The new provision requires a potential anticompetitive effect. In this respect it does not seem to deviate from the prohibition regarding an abuse of a dominant position. It remains to be seen how this effect will be established in practice. It may reintroduce an element of market assessment (definition of the market, market shares, etc.) characteristic for dominance.
The new prohibition can be enforced by courts and by the Belgian Competition Authority. The latter can act on its own initiative or following a complaint and conduct investigations, impose fines (of no more than 2% of the undertaking’s turnover), settle cases, impose preliminary measures, etc. (as is already the case for anticompetitive agreements or concerted practices between undertakings, anticompetitive decisions of associations of undertakings and abuses of dominant undertakings).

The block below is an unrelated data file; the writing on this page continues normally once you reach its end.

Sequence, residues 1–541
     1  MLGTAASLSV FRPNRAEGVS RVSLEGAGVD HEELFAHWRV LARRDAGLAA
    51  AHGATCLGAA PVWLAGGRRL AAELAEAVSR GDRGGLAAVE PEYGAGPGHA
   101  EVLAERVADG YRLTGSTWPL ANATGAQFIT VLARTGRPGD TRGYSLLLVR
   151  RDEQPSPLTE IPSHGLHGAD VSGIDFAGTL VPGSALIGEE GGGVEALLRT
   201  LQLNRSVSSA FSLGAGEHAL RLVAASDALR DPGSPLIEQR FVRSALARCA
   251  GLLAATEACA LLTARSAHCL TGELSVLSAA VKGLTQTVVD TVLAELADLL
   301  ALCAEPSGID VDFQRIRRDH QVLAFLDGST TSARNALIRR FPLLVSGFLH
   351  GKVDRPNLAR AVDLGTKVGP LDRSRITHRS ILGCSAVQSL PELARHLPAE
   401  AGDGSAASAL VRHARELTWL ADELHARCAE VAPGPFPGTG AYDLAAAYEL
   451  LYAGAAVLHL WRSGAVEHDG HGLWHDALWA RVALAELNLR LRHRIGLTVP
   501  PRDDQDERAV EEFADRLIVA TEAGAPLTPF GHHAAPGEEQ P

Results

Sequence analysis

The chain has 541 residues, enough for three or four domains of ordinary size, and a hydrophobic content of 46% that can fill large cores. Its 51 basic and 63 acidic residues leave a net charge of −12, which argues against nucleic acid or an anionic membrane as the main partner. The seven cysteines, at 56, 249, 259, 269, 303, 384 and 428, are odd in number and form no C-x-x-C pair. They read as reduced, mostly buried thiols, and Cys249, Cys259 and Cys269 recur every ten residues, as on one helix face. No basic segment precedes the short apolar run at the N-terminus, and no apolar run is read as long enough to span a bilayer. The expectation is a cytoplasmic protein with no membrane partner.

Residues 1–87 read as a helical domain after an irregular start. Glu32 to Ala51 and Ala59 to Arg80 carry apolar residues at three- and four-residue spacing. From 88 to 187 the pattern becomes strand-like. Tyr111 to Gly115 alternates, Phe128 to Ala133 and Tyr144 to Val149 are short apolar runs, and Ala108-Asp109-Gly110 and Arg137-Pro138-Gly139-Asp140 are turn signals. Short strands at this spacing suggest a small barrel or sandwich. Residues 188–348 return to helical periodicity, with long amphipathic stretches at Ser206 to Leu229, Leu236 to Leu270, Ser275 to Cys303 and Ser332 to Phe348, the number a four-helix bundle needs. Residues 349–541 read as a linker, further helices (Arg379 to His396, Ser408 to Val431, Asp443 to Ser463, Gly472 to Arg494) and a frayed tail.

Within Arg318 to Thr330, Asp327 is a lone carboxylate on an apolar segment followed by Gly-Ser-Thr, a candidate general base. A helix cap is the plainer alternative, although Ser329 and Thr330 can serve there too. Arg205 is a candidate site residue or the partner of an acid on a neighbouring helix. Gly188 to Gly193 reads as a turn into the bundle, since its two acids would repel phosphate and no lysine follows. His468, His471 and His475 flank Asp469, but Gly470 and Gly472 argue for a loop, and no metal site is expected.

The new prohibition will enter into force twelve months after the publication of the law in the Belgian Official Gazette.
The law also prohibits certain unlawful clauses in B2B contracts - without the need to show any economic dependency of any of the undertakings involved (it moreover also relates to contracts between undertakings that are not SMEs). These clauses will be considered to be null and void and therefore unenforceable. The remainder of the agreement concerned will remain valid to the extent possible (eg following a requalification by the court concerned).
More specifically, the law sets out the following obligations:
- written clauses need to be drafted in a clear and understandable manner and can be interpreted conform market practices